Sad news today from The New York Times for those of us sports fans of a certain generation: Norman Sas, inventor of the electric tabletop football game, has died at age 87.
To my computer-gaming kids, the old Tudor electric football game must seem hilariously primitive. I only wish I still had my father’s mid-50s vintage version of the game to show them.
Dad’s version had simple, identical player forms affixed to aluminum platform with a metal sheet underneath that could be bent to give each figure a vague sense of direction when the field vibrated. The figures of each of the two teams were identical except for their colors (either blue and silver, or gray and silver; I can’t quite recall). There was a separate kicker with a spring-loaded launcher.
The football was a fuzzy white thing that looked suspiciously like the cotton end of a Q-Tip. The more I think of it, it probably was a snipped off Q-Tip end that we used, likely because the original ball was lost.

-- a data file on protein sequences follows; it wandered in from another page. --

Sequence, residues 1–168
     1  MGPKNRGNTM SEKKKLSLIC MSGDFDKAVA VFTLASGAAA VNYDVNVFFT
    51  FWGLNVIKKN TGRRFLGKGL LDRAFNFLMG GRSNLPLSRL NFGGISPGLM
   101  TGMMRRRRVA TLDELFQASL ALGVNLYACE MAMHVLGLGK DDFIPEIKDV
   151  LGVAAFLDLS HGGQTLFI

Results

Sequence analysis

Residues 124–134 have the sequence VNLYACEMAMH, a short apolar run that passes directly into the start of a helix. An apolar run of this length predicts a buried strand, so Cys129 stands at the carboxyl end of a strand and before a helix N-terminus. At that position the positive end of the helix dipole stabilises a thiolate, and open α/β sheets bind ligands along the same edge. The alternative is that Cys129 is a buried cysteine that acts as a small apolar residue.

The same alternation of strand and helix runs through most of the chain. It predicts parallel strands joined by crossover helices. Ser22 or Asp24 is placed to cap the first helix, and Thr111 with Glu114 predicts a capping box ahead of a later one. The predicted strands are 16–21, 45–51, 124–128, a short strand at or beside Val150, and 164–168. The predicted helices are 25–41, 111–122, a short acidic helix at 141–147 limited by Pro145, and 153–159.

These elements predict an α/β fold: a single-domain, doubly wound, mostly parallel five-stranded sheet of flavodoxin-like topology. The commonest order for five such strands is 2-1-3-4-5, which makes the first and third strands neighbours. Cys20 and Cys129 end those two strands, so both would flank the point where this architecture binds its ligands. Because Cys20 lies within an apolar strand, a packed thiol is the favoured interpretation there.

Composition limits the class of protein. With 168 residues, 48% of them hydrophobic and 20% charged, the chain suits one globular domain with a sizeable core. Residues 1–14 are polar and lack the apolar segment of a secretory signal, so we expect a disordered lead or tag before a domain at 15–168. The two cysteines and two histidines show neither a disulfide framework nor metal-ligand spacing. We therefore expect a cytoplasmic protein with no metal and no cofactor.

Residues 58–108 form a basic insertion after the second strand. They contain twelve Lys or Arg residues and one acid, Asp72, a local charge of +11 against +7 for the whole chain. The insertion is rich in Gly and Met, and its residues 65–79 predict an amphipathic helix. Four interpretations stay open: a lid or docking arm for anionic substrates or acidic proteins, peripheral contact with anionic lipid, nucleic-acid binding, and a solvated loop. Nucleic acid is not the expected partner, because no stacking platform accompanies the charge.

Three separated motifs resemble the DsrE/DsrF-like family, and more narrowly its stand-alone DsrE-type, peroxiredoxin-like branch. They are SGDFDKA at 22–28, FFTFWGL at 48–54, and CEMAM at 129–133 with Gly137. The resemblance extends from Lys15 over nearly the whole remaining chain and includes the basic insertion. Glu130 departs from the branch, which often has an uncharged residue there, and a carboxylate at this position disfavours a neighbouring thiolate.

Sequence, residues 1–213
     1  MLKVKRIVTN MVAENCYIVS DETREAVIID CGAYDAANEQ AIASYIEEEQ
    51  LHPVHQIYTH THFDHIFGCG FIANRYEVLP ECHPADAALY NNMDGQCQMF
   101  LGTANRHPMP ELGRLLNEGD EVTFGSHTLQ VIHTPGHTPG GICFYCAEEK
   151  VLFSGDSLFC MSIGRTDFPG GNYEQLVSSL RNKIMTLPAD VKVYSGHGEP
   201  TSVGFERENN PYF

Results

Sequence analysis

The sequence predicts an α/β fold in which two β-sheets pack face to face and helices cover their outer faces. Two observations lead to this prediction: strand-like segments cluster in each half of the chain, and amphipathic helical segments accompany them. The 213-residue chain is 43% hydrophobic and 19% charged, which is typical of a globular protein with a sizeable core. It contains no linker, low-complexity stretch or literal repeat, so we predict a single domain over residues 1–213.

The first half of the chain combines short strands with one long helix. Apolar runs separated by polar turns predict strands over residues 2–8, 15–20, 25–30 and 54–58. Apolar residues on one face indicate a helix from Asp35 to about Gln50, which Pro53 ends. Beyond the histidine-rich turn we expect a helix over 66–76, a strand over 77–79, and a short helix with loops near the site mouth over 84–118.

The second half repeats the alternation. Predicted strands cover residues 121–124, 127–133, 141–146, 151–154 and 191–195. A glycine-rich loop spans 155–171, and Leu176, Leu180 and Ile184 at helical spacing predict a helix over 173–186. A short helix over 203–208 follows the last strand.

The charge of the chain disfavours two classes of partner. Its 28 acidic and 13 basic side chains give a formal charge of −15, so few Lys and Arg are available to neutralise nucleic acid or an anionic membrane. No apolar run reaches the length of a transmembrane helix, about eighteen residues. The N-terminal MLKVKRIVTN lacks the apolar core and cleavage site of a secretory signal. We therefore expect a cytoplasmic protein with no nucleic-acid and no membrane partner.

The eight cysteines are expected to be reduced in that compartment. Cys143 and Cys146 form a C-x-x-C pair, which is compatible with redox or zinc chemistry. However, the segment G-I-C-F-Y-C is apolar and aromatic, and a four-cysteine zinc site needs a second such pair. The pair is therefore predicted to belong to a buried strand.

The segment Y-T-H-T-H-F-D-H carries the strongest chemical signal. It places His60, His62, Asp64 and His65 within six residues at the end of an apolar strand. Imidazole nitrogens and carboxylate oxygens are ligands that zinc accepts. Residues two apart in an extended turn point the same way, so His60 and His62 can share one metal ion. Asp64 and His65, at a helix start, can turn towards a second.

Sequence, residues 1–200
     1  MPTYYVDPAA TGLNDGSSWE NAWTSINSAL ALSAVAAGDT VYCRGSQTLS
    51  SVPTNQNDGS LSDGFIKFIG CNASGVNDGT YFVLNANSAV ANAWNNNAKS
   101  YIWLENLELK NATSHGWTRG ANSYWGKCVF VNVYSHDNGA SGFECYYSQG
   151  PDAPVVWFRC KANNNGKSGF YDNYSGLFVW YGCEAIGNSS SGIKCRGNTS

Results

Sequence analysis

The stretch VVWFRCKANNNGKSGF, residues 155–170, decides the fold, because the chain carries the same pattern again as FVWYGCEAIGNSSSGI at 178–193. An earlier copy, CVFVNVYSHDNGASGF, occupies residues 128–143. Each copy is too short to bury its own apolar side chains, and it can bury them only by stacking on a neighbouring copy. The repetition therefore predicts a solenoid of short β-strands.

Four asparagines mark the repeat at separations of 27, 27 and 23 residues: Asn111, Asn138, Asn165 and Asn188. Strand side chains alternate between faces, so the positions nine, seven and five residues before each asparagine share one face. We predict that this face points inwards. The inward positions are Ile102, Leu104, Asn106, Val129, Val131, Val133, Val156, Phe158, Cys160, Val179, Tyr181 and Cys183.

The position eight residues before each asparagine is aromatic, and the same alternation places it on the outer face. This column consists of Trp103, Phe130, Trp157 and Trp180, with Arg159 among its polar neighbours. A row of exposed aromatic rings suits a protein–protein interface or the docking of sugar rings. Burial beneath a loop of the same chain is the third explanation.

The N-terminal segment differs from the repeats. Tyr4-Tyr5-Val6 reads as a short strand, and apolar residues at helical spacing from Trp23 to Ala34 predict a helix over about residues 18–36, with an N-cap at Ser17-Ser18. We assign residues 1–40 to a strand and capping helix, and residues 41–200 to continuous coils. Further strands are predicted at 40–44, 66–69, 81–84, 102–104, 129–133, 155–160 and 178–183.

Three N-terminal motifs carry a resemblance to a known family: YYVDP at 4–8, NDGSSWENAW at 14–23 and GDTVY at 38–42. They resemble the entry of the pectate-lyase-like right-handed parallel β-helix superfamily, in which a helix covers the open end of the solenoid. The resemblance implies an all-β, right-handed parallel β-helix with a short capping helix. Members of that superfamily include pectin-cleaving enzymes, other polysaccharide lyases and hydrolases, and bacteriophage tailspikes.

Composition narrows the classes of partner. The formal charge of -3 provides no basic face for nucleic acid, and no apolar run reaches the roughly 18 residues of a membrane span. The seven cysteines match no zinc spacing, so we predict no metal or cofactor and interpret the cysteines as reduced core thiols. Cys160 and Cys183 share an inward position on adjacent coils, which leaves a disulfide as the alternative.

In later years, the Tudor games were gussied up and figures had poses appropriate for their positions: lineman were shaped to block, running backs looked like they were carrying the ball, and so forth. Eventually the figures were painted in team colors.
In the mid- to late 60s, I had a Tudor baseball game, and somewhere in a box I still have the figures that slid into slots at positions around the field.
The Tudor games were the height of realism in childhood game play half a century ago, and how we kids wished games could be developed that would simulate the real actions of players the way video games do today.
I’m astonished by the realism of sports video games, but curiously I have not gotten hooked (a year or two of EA Sports’ NHL Hockey notwithstanding).
Thank you, Norman Sas, for all the fun.